VPN to What? Once you select a VPN protocol, you need to decide the type of connection you want to make: computer-to-computer, computer-to-network, or network-to-network. The computer-to-computer connection enables access only to the individual remote computer. Computer-to-network enables one computer access to all devices on a remote network. And a network-to-network connection enables entire offices of computers to communicate, without the need to configure each machine. Most people are interested in connecting a laptop or small home office machine to a remote network (computer-to-network), so I focus on this scenario.
First, you need to pick a VPN client. Mac OS X includes an IPsec implementation based on Racoon from the KAME Project. As with many Unix applications, you configure the software via a text-based config file. "Simple" configuration examples are available online.
After examining the available documentation, I decided there must be a better way. Fortunately I was not the only one with this idea. A quick Internet search turned up several graphical configuration tools. VPN Tracker ($90 for a personal license, $200 for a professional license) from Equinux, and IPSecuritas (free) from Lobotomo are two of the most popular.
Additionally, many VPN firewall makers have produced Mac OS X versions of their client software. Check Point and Cisco both offer Mac OS X clients for their VPN products. Be sure to check the supported configurations and versions of the software. Cisco only recently added support for dual-processor Macs and Mac OS X 10.4 Tiger, although there are reports it doesn't completely work even with 10.4.2. MacInTouch has a lengthy list of reader reports on the Cisco VPN client.
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Next, to connect your Mac to an entire network via VPN, your network needs a VPN router. Mac OS X 10.4 Tiger Server has many nice VPN configuration options built-in. Academic versions of Mac OS X Server are typically available starting at $250; retail is $500 or $1,000. If you have not yet upgraded, going from Jaguar to Tiger Server is about $370 more than going to non-Server Tiger (non-academic).
In theory, a Mac running the client version of Mac OS X should be able to act as a VPN router too, but most of the documentation I've found is for Mac OS X Server. Instructions for setting up a FreeBSD box as a VPN router are available, and they may translate over to Mac OS X.
I don't have a spare Mac capable of running Mac OS X lying around, so I began looking for a small dedicated VPN router. Most manufacturers of broadband routers offer VPN versions of their products for $10 to $20 more than the non-VPN versions (see below for links to a number of common devices). When looking for a VPN router, watch out for products labeled "IPsec Pass-Thru" - these are not what you want. IPsec Pass-Thru enables a VPN connection to work through the device, but does not mean the router can act as a VPN endpoint. The specifications for a true VPN router should list the number of VPN tunnels the device supports.
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Some routers have third-party firmware upgrades available that add VPN server support. The Linksys WRT54G is the most commonly upgraded router, with the Sveasoft firmware upgrade providing a variety of sophisticated features to what Linksys provides.
Quick Tiger Update -- When Tiger shipped, it introduced a VPN bug that slowed down certain VPN connections. After I upgraded to Tiger, a ping to my server through a VPN connection took around a thousand milliseconds. Normal ping times with my VPN are about 4 milliseconds.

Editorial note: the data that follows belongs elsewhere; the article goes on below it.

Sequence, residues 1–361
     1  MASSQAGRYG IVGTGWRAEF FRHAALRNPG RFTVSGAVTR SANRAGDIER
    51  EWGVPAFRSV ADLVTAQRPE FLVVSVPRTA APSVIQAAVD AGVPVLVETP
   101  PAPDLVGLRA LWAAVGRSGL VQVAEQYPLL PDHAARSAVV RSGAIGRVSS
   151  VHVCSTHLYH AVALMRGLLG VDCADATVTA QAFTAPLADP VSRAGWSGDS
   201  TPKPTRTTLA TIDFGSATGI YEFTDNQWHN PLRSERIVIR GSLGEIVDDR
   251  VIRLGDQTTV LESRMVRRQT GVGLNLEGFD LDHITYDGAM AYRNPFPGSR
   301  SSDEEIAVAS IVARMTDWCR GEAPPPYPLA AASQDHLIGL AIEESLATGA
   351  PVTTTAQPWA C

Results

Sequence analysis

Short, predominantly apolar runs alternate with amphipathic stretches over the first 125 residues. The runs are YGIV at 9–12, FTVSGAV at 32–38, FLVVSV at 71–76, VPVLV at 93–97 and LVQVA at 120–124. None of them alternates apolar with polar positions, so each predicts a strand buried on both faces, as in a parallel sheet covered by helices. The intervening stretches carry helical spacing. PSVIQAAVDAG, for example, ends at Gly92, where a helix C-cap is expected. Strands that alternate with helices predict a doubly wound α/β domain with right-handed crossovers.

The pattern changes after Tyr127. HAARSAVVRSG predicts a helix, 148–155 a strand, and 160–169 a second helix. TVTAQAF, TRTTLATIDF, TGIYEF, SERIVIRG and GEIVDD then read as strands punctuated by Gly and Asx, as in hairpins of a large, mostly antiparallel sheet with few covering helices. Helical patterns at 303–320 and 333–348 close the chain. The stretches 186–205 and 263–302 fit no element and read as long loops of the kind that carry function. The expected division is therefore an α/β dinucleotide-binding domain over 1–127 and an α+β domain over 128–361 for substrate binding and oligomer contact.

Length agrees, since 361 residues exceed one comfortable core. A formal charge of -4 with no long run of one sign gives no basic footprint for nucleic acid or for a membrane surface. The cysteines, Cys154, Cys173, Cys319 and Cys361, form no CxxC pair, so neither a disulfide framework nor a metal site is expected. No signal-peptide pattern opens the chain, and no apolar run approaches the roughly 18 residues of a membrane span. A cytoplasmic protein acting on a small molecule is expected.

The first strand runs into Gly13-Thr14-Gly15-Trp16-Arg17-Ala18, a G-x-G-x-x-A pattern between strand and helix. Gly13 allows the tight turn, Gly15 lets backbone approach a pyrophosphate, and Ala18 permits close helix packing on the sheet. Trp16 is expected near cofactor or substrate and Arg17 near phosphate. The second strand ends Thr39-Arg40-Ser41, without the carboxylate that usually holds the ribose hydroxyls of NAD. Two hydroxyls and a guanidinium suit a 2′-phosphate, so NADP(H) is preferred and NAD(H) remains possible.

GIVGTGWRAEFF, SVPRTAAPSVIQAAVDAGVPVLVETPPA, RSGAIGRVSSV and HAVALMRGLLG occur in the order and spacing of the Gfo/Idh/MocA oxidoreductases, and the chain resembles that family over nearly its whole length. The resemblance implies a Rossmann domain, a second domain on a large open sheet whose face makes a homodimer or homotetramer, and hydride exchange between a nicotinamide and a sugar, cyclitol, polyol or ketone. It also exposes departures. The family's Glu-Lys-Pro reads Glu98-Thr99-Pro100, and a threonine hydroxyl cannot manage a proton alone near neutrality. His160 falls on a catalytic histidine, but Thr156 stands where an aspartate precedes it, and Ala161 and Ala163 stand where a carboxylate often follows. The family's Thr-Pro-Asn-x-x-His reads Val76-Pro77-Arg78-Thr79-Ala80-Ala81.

This problem has been resolved but requires upgrading to at least Mac OS X 10.4.1 plus upgrading your IPsec front-end. IPSecuritas version 2.1 and VPN Tracker 4.0.1 both work properly Mac OS X 10.4.1 and later. At the time of this writing, Check Point had not updated their IPsec clients to work with any version of Mac OS X 10.4. Cisco's latest release seems to work fine for me. Again, verify the software's documentation show your particular configuration is supported before installing.
The Double-edged Sword of VPN -- After selling you on the concept of using VPN to bypass firewall rules, I'm going to reveal that this is also one of the biggest dangers in using a VPN. Firewall rules exist to increase security; bypassing that security in any way creates very real risks. Many companies are surprised to find themselves infected with Trojan horses and viruses even though they had firewalls in place. It turns out that many laptop users would go home, connect to their unprotected home Internet connections, get infected, then connect via a VPN (bypassing all the firewall rules) and spread the infection all over the internal network. Of course, such problems are less likely for Mac users, but we still cannot become complacent.
Some VPN clients include a client firewall, similar to the firewall built into Mac OS X, to protect against these types of vulnerabilities. Other clients check a list of rules before a VPN connection is allowed. Some examples of rules include ensuring an up-to-date anti-virus product is running, certain security patches are installed, and the computer's firewall is running.
Even with these protections, you shouldn't allow any computer to connect to your network if you don't explicitly trust its maintenance and security. The reverse is true too; you shouldn't connect your computer to any networks that you don't implicitly trust; you may be opening yourself to attackers on their network.
[Kevin van Haaren works for a large corporation primarily supporting Windows computers, with the occasional Mac call thrown in to make the week more interesting. This has prepared him well for the job of herding his two cats.]